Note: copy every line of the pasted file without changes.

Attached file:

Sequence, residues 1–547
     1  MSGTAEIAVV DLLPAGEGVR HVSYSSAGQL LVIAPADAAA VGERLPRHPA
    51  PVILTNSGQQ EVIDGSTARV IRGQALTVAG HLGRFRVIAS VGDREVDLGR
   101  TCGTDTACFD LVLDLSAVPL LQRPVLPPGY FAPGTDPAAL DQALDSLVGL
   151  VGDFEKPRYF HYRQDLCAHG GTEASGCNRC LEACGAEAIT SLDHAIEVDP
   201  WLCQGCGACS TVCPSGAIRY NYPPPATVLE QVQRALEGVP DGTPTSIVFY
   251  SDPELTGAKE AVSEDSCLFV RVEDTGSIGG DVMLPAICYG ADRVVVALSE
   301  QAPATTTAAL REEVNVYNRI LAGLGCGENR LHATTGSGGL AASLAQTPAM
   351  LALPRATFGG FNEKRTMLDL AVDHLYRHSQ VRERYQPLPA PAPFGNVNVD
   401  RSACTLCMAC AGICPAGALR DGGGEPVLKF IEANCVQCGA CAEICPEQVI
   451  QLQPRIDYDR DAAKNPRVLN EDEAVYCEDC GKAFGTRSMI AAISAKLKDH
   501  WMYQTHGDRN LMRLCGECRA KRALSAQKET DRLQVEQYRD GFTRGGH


Sequence, residues 1–547
     1  MSGTAEIAVV DLLPAGEGVR HVSYSSAGQL LVIAPADAAA VGERLPRHPA
    51  PVILTNSGQQ EVIDGSTARV IRGQALTVAG HLGRFRVIAS VGDREVDLGR
   101  TCGTDTACFD LVLDLSAVPL LQRPVLPPGY FAPGTDPAAL DQALDSLVGL
   151  VGDFEKPRYF HYRQDLCAHG GTEASGCNRC LEACGAEAIT SLDHAIEVDP
   201  WLCQGCGACS TVCPSGAIRY NYPPPATVLE QVQRALEGVP DGTPTSIVFY
   251  SDPELTGAKE AVSEDSCLFV RVEDTGSIGG DVMLPAICYG ADRVVVALSE
   301  QAPATTTAAL REEVNVYNRI LAGLGCGENR LHATTGSGGL AASLAQTPAM
   351  LALPRATFGG FNEKRTMLDL AVDHLYRHSQ VRERYQPLPA PAPFGNVNVD
   401  RSACTLCMAC AGICPAGALR DGGGEPVLKF IEANCVQCGA CAEICPEQVI
   451  QLQPRIDYDR DAAKNPRVLN EDEAVYCEDC GKAFGTRSMI AAISAKLKDH
   501  WMYQTHGDRN LMRLCGECRA KRALSAQKET DRLQVEQYRD GFTRGGH